By now you should be all clued-up about how the whole Oxford interview experience works. I actually arrived 5 minutes late because I underestimated how much time was required to get to St Catz from Queen’s – however, I think I was lucky because the interviewers were 10 minutes late!
Don’t risk it haha…
Professor Susannah Speller and Professor Richard Todd – both absolutely lovely. I had no problems with them looking bored or anything (unlike last time)!
Why Materials Science?
Obvious question – usual schpiel.
Draw the Stress/Strain Curve of the Rubber Band.
This was basically the same question as the one I got at Queen’s.
What happens if you keep stretching the rubber band? Why the hysteresis loop shape?
They then proceeded to ask a couple more questions on my personal statement. They didn’t seem to expect me to fully explain everything I put on there, which was nice.
If you’re preparing for your interview, I would suggest you know your personal statement inside and out and do some reading around the concepts that you put in there.
Why Do You Need Superconductors for MRI?
Picking up from my personal statement, they asked me why superconductors. I said that they have no resistance so they can provide a high enough current to generate a large enough magnetic field for MRI.
How Would You Make A Superconducting Filament for MRI?
They showed me a wire of niobium-titanium superconductor filament and said that it was just a section of wire that could be up to several kilometres long. I explained that since metals are ductile, you can just apply a tensile force and the wire can stretch.
How Would You Coat It In Copper?
The filaments are coated in copper so I said they could do it by copper plating, but it would be quite expensive. I then said I have no idea…
I then speculated a bit. Maybe wrap the niobium-titanium in copper before and then stretch them by pulling them all together if they have similar mechanical properties. This turned out to be the right answer!
A Bit of Maths…
Then they asked me if the radius of a wire was 1mm and it contained 10,000 filaments inside, what is the distance between the filaments? This was simple as I just found the area of the wire, divided it by 10,000 to find the area of the filaments + copper, then found the radius.
They gave me a hand warmer, which they said contained iron, and asked me how it worked.
I said probably an exothermic reaction occurred that oxidised the iron and released energy. I did a moles calculation (how much energy released if hand warmer has 10g iron).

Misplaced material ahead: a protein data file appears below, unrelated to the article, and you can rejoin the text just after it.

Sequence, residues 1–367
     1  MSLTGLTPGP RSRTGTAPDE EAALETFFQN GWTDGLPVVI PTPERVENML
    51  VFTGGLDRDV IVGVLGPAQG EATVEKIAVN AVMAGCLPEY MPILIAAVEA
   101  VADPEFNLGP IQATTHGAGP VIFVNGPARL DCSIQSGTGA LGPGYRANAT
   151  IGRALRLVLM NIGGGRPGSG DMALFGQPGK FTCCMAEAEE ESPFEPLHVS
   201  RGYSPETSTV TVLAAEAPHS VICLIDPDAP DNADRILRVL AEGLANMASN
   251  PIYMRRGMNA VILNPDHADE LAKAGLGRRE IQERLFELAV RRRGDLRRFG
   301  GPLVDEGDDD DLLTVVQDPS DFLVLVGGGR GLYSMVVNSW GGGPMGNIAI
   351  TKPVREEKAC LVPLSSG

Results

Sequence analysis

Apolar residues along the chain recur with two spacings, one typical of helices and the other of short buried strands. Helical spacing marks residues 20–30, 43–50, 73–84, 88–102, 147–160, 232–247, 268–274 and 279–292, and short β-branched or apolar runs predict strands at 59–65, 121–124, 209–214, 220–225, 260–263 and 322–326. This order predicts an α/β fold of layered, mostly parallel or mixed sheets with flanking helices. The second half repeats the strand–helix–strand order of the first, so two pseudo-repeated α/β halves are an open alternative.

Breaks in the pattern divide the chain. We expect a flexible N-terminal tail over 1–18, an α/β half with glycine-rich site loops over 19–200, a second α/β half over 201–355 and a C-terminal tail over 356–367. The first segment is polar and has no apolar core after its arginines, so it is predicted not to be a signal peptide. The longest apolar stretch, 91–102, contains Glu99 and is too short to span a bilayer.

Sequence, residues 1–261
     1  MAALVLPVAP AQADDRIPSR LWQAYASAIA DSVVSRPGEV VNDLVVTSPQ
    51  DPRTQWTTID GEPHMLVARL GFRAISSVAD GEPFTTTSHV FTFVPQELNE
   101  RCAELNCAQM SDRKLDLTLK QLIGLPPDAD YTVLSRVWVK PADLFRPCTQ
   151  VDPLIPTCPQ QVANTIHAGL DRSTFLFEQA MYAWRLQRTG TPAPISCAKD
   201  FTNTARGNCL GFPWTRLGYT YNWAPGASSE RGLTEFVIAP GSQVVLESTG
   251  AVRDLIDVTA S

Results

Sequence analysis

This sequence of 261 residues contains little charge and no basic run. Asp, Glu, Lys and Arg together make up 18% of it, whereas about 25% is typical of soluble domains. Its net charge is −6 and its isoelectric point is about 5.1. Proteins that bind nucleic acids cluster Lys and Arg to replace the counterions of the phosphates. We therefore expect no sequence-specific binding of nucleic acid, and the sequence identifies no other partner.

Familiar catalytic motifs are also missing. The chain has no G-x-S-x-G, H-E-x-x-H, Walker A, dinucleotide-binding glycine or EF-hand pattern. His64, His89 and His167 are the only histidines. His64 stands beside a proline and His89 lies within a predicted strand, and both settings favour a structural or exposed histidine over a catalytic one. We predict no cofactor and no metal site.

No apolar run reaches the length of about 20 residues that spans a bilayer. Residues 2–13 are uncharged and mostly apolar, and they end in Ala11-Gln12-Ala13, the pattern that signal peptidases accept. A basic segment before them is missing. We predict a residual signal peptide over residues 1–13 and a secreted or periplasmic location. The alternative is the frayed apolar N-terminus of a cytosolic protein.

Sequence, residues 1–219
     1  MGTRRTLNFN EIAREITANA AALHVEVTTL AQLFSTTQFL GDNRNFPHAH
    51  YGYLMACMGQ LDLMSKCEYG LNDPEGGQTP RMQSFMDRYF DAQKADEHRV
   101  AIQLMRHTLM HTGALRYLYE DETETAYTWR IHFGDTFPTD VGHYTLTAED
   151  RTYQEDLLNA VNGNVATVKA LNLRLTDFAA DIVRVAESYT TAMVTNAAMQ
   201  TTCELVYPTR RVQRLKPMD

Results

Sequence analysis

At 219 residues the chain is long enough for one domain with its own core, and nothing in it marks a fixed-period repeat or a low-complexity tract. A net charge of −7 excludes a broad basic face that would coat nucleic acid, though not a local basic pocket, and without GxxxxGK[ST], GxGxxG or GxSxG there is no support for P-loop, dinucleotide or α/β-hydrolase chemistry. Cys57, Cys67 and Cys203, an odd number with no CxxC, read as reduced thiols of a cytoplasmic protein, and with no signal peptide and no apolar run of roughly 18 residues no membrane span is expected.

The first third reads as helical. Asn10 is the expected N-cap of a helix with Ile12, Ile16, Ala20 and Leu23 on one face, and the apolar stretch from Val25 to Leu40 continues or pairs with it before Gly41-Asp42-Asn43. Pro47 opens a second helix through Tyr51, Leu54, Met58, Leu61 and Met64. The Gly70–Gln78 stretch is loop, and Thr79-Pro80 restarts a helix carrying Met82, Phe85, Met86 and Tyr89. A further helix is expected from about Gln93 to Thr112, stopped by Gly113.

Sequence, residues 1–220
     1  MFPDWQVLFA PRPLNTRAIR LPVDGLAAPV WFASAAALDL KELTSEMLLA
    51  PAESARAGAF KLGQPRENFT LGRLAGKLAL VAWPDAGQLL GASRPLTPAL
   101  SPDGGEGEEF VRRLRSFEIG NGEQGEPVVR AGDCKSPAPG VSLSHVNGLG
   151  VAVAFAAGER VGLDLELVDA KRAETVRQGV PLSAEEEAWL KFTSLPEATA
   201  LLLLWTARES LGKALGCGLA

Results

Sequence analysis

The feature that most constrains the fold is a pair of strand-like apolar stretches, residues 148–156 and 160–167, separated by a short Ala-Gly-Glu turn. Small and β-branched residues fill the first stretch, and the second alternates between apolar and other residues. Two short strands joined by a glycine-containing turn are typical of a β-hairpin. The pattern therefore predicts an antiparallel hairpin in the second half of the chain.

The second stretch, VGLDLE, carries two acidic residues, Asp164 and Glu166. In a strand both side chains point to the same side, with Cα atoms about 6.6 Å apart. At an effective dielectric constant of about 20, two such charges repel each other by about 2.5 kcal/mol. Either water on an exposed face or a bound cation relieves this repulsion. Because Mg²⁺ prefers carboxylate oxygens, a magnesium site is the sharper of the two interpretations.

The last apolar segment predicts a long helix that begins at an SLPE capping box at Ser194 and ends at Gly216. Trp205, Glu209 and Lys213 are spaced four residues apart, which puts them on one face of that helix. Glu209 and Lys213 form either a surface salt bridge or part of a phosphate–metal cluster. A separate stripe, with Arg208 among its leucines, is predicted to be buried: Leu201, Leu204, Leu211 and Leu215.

How Would You Make It Last 10 Hours?
I started by saying they could change the chemicals inside, by getting rid of the catalyst etc. but my interviewers didn’t want to change the chemical composition.
I got a bit stuck, so I just said that I was thinking of ways to affect the rate of reaction. This was what the interviewers were looking for, so they asked me how might I affect the rate of reaction. I soon got the answers!
They gave me the opportunity to ask them questions – I didn’t know which fields they specialised in so I didn’t know what questions to ask them! So instead I asked them about the course and whether there was any fluid dynamics.
All in all, it was quite an experience in Oxford! The interviews were a little stressful, but I enjoyed talking to the interviewers. They’re not trying to trip you up, they’re trying to see how much you will suit the tutorial system and how you think.
They don’t really care about how much you know; instead, they want to know how you deal with unforeseen questions, uncomfortable problems and new information.
If you’re going to do an interview in Oxford, I recommend sorting everything out as soon as you hear from them (including travel arrangements, clothing etc.) so that you can relax on the big days.
Also, definitely speak to people and explore Oxford – it’s a nice way to relax and immerse yourself! Even if you’re not picked, it will be well worth it.
How were your application experiences? Do you have any tips? Let me know in the comments!